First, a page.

The decline of the mighty Apple has begun!
Now that I have your attention, bear with me as I humbly offer a bit of a try-hard version of How The Mighty Fall, in which business guru Jim Collins breaks down the eventual collapse of great companies he once identified as successes in Good To Great and Built To Last.
Perhaps because I am so emotionally invested in Apple, I can see that the seeds of the decline of one of the world’s greatest brands have already been sown.
According to branding masters Al and Laura Ries in their classic work The 22 Immutable Laws of Branding, a company’s brand image will inevitably go downhill when it concentrates too much of its energy on expanding or sub-categorising, rather than capitalising on its successful ventures.
Think of the affordable, entry-level cars that BMW and Mercedes have started to offer. Lowering themselves to the level of lesser rivals diminishes their luxury image in the eyes of the people who can afford (and desire) the prestige.
What about Diet-Coke? It helped the world understand that the original formula was, in fact, unhealthy.
And can you think of a single flagship product for Sharp or Mitsubishi? By generalising rather than specialising, their brands have been diluted, resulting in minimal profits for these enterprises.
With Apple, the introduction of sibling products such as the iPhone 5C, iPad mini, iPhone 6 Plus, Apple Watch and the newest updates to iOS and Mac OS, with no true product innovation, is setting this great company on its way down, I’m afraid.
Back to Al and Laura Ries: their premise is that true brand dominance relies on a company’s ability to capitalise on a category, rather than an industry or product line.
Before the iPhone, there was no smartphone; before the iPad, tablet computing was a joke. But before the Apple Watch? Companies like Samsung and Google were already right into smart wearables.
So while Apple has inevitably been able to position itself as a decent player in that space, it isn’t really THE player.
Apple is even subtly belittling its own previous achievements by proclaiming the Apple Watch “our most personal device yet”. Sure, that’s great sales-speak, but I can see poor old iPhone sitting in the corner sobbing “what about me?”!
Of course I can hear the counterarguments coming thick and fast!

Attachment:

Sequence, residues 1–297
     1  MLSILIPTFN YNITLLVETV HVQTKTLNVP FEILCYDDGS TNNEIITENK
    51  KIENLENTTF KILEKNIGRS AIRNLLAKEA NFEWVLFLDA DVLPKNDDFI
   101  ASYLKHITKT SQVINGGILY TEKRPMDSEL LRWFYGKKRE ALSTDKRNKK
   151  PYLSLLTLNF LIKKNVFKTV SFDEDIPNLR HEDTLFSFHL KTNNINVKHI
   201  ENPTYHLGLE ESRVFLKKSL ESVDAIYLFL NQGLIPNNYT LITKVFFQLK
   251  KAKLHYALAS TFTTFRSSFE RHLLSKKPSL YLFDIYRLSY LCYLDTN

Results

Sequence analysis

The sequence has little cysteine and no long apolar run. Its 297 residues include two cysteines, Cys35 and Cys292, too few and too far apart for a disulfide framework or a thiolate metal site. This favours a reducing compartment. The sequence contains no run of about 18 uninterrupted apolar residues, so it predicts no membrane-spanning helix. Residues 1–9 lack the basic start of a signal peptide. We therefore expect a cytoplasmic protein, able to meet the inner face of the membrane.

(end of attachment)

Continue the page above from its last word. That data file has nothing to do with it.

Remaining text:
Tim Cook has made Apple the most profitable company ever, and multiple reports have suggested that the Apple Watch is outselling its competitor.
While these are both huge achievements, I argue that sales figures are not truly representative of a brand’s positioning. A company’s brand presence speaks to its longevity and generational volume.
A Rolex will never become a Casio, regardless of 2015 being a digital world.
From a branding point of view, McDonald’s is in decline. Their products have grown from the original 11 – all with the same price – to 50-plus, accompanied by a price list not designed for a quick scan on your way through the drive thru.
Sure, the greatest franchise in history is still racking up phenomenal sales on a daily basis, but its brand image is now confused, because people have always gone to McDonald’s for a certain product: fast, simple and low-nutritional-value (junk) food.
Healthy eating will never be a legitimate selling point for McDonald’s, no matter how hard they try. Their non-health branding is too ingrained in us all.
Imagine if Boost Juice was to start selling fries?
Since the Tim Cook era, Apple has just been playing in the Red Ocean (with the rest of the sharks), hence the traditional competition-based scenario: faster processors, bigger screens, smaller tablets, slicker watches.
The players in this market will continue to push out more updates of the same categories, instead of inventing new ones – in other words swimming alone in the Blue Ocean.
Welcome to the rat race; the relentless pursuit of better, faster, cheaper, smoother, shinier, smaller, lighter and more mass-marketable.
It’s sad to see Apple having come down from its ‘chosen one’ pedestal of just a few years ago into the undignified bullpen where the rest of the unremarkable brands are fighting for the scraps.
Just like McDonald’s, Apple will continue to make great sales, thanks to Tim Cook’s expertise in sales and marketing. But because of his lack of focus on branding the company will eventually decline in the public eye to a point that its legacy will eventually be grouped with companies like IBM, Hewlett-Packard, Sony, Ford and Dell – a relic of the past.
I’d summarise successful branding in three words: Niche, Focus, Time.
Apple had a Niche, in creating a mobile lifestyle. It had Focus, in creating two categories (Smart Phone and Tablet) that supported the Niche. Now the challenge is Time.
How long can they remain focused and dominant, not chasing somebody else’s trend?
The Apple Watch is a dangerous one.
Mind you, if Apple creates and leads the way in a whole new category – my money is on CarPlay or ResearchKit – there’s still hope!
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